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Pittsburgh police release use of force report

By Alexa Bakalarski / Assistant News Editor

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A report released Thursday evening by the Pittsburgh police found that, from 2010 to 2015, one in 10 arrests in the city have involved the use of force.

Additionally, there was a “higher-than-expected” rate for the use of force against black individuals over the past six years, although the disproportionality between use of force against black and white people is decreasing.

The report, released Thursday by city police, is part of a partnership with the White House Police Data initiative, which also includes 12 other cities in the Unites States, according to a press release from the Pittsburgh Department of Public Safety. The initiative aims to use data to make community policing more transparent.

“Quality policing is characterized by fairness in how we treat all citizens,” Police Chief Cameron McLay said in the introduction of the report. “On occasion, quality policing will include use of force — but only when necessary to make an arrest, prevent an escape, in self defense and/or to save others from bodily harm.”

In Pittsburgh, incidents involving the use of force decreased 16 percent from 2010 to 2015, according to the report. The International Association of Chiefs of Police defines force as “the amount of effort required by police to compel compliance by an unwilling subject.”  Force can, and sometimes does, result in injury to the person subject or the officer.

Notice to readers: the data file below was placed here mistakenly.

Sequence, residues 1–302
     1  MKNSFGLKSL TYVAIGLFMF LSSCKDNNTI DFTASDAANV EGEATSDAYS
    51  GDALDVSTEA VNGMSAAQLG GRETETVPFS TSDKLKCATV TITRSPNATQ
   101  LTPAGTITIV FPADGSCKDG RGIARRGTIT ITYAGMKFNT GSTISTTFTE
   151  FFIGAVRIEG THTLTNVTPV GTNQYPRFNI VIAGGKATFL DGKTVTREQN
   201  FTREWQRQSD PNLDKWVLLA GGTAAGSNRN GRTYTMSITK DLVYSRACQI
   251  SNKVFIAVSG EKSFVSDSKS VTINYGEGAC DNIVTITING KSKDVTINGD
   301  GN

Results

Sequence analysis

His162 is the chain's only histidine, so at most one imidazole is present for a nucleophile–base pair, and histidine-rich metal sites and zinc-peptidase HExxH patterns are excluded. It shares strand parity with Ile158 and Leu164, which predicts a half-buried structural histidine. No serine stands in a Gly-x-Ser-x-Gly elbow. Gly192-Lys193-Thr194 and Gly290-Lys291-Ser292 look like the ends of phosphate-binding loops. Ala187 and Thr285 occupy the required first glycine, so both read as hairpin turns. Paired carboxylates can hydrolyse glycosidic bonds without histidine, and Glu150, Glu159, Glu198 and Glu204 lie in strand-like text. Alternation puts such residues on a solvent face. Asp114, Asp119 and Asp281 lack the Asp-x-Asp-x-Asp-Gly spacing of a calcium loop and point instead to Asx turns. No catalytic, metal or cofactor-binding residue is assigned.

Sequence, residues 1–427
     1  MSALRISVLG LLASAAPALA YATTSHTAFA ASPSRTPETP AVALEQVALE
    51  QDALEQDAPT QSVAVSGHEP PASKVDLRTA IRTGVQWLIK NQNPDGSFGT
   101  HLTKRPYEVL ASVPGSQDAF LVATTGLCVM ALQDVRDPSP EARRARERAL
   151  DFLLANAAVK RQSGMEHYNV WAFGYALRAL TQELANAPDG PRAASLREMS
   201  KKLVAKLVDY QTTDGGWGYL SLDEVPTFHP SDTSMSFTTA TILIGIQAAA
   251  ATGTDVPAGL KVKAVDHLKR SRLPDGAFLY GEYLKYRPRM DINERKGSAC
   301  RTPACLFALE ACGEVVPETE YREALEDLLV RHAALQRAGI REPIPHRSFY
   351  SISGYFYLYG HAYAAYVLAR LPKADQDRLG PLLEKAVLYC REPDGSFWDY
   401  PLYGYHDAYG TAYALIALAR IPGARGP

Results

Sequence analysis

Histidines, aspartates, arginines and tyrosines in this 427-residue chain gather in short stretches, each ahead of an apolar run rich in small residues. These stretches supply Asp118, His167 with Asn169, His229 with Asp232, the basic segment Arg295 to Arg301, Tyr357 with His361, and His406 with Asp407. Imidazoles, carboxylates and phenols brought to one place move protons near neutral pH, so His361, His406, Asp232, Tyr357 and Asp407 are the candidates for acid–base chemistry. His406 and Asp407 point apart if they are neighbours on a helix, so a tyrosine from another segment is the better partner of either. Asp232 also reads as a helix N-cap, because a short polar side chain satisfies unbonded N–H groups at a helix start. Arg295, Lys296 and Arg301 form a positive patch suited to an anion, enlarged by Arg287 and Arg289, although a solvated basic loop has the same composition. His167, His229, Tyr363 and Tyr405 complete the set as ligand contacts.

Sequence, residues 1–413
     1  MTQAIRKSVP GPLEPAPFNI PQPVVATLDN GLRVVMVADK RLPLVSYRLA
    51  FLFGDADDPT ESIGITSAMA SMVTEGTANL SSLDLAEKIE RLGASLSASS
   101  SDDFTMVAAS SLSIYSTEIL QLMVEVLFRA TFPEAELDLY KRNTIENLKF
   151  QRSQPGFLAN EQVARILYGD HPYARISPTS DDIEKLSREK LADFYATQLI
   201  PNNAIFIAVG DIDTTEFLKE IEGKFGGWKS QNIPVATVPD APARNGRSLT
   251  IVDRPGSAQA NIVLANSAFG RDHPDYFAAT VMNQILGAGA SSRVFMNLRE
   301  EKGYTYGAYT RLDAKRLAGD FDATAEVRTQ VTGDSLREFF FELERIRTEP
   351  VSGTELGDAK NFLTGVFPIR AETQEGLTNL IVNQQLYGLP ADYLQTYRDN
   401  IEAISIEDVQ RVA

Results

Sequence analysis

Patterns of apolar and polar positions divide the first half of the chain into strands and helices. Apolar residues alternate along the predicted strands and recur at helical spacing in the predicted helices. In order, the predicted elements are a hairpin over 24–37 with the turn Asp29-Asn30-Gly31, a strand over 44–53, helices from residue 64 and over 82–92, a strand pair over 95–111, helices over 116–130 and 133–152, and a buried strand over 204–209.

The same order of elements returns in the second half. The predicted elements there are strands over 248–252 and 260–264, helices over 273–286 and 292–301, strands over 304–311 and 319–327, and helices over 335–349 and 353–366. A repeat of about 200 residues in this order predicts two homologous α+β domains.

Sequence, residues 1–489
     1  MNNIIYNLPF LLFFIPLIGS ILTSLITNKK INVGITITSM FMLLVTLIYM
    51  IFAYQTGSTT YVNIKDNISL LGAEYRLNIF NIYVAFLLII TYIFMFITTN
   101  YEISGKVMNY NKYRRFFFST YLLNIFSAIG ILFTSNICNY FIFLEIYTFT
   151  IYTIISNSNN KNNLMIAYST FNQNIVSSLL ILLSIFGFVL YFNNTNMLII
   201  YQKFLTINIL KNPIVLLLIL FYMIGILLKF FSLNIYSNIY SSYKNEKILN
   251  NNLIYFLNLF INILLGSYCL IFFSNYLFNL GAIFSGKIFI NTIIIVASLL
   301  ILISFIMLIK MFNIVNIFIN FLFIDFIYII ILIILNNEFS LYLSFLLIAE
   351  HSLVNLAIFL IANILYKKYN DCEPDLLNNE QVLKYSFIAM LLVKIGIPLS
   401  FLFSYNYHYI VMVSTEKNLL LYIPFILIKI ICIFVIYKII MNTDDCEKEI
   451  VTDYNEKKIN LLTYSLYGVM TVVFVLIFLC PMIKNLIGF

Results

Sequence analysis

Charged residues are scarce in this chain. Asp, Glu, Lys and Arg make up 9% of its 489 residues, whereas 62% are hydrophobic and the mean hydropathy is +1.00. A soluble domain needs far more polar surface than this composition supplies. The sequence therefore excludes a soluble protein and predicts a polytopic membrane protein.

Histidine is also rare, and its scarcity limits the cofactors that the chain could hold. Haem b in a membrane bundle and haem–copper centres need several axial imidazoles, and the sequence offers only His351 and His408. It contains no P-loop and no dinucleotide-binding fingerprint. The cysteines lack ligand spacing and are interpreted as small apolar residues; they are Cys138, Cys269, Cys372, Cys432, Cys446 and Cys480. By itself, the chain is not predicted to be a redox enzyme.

The study can be found online at the Pittsburgh Public Safety website. Here are some more key findings from the report:

  • In 2014 and 2015, the total number of use of force incidents averaged just over 1,500.
  • The number of police use-of-force incidents fell 16 percent in the six-year study period.  


  • 34 percent of incidents resulted in injury to a suspect. This number is low compared to a 39 percent average suspect-injury rate among the other 12 participant cities in the study.


  • Most officers used force between one and five times over the six-year period.


  • 120 officers reported using force more than 25 times.


  • From 2010 to 2015, there was a 35 percent decrease in the number of subject injuries, and a 32 percent decrease in the number of officer injuries during the report’s span.

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Pittsburgh police release use of force report